May 3, 2011

Court threat from downstate inmate

Published May 3, 2011
05-02-2011_HazMat_JJEmergency personnel stage near the MABAS decontamination unit, which has facilities for people to undress and shower as part of decontamination in hazardous materials incidents, outside the Second Appellate Courthouse in downtown Elgin on Monday afternoon. (James Jordan • BocaJump)By Ted Schnell • BocaJump
The police tape is gone and all was quiet Tuesday outside the Second Appellate Courthouse in downtown Elgin, but authorities say a threatening letter sent with suspicious white powder has been traced to a prison in southern Illinois.

Elgin Police Department spokeswoman Susan Olafson said Tuesday the letter containing the threat and the white powder has been traced to a downstate prison, although she did not have the name of the facility.

Olafson said that the FBI will not have the results of its tests on the white powder until Thursday, and that the courthouse will remain closed pending the outcome of those tests.
In the meantime, she said that the 28 people who were in the courthouse when the letter was open and who were taken to local hospitals are well and have shown no signs of illness. All were treated and released from the hospitals Monday evening.

The incident began about 11:20 a.m. Monday when someone in the courthouse opened a letter containing a threatening message and a suspicious white powder, Elgin authorities said.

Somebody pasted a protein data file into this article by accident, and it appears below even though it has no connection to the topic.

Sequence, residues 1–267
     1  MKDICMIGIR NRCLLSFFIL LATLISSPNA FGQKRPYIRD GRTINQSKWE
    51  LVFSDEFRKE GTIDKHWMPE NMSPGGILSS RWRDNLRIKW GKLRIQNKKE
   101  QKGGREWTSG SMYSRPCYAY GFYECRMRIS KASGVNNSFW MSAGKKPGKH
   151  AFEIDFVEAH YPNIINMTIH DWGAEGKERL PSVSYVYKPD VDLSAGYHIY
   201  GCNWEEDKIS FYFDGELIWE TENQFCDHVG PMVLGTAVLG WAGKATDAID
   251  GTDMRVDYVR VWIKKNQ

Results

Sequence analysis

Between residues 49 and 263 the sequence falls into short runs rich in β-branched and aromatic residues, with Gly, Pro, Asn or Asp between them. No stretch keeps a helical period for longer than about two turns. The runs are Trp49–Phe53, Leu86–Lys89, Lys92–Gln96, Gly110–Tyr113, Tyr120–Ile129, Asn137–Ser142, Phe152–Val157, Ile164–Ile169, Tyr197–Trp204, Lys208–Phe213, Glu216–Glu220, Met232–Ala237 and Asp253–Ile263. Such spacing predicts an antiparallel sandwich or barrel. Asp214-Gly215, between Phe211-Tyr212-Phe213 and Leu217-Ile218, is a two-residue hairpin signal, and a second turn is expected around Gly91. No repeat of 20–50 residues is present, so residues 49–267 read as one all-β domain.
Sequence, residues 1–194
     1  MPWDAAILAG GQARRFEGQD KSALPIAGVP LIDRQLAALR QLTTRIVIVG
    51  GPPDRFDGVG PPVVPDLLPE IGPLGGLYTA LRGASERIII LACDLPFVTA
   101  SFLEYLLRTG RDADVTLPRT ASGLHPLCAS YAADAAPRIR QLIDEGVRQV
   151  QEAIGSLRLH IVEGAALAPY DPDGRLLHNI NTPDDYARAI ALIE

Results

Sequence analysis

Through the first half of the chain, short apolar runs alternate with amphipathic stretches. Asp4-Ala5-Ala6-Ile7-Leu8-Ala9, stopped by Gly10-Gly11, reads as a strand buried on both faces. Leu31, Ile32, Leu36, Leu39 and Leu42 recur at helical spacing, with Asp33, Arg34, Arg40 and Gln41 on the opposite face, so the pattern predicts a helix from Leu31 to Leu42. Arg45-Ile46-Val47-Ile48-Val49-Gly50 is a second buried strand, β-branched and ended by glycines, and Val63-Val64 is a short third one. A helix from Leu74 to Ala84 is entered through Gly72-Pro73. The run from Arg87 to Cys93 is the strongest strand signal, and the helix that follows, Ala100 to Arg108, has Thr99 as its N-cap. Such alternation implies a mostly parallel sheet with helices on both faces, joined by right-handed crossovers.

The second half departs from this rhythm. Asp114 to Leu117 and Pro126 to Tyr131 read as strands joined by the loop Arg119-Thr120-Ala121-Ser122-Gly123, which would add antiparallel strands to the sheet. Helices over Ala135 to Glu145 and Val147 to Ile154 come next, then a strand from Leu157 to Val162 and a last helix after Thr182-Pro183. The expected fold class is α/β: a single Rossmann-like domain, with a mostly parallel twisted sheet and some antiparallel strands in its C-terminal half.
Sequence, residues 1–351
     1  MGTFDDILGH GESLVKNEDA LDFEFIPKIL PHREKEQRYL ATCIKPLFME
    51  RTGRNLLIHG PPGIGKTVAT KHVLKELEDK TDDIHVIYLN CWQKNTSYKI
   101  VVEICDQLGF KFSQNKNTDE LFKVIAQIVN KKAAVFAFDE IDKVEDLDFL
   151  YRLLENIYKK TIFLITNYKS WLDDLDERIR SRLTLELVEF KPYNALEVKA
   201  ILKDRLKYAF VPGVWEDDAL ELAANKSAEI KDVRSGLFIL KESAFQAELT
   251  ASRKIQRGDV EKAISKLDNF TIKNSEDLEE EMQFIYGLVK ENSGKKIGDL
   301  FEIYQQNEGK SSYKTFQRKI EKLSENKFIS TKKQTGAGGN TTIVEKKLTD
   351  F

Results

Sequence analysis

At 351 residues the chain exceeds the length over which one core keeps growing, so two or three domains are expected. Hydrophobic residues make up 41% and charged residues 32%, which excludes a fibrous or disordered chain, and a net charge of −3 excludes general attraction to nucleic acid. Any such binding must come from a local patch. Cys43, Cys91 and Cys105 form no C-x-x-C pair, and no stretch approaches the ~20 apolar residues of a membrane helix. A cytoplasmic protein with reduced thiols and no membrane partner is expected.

The incident sparked a massive deployment by Elgin police and firefighters that eventually called in 15 to 20 fire department crews from as far away as Roselle as the incident was escalated to a box alarm.

Elgin Fire Chief John Fahy said Monday that the 28 people who were in the courthouse when the letter was opened were run through a decontamination process and sent to area hospitals as a precaution.

The FBI and the U.S. Department of Homeland Security took over the investigation of the incident as a "weapons of mass destruction case" sometime Monday, Fahy said.

Elgin’s hazardous materials team ruled out anthrax, ricin and botulism, Olafson said Monday. Anthrax and botulism are naturally occurring biological agents; ricin is a toxic agent derived from the castor bean.

But despite using a device that Fahy said is capable of distinguishing from among 80,000 various substances to test the material, the tests were inconclusive in determining exactly what the substance was and whether or not is presented a threat.

Olafson said the city is still adding up all the costs involved in responding to the incident.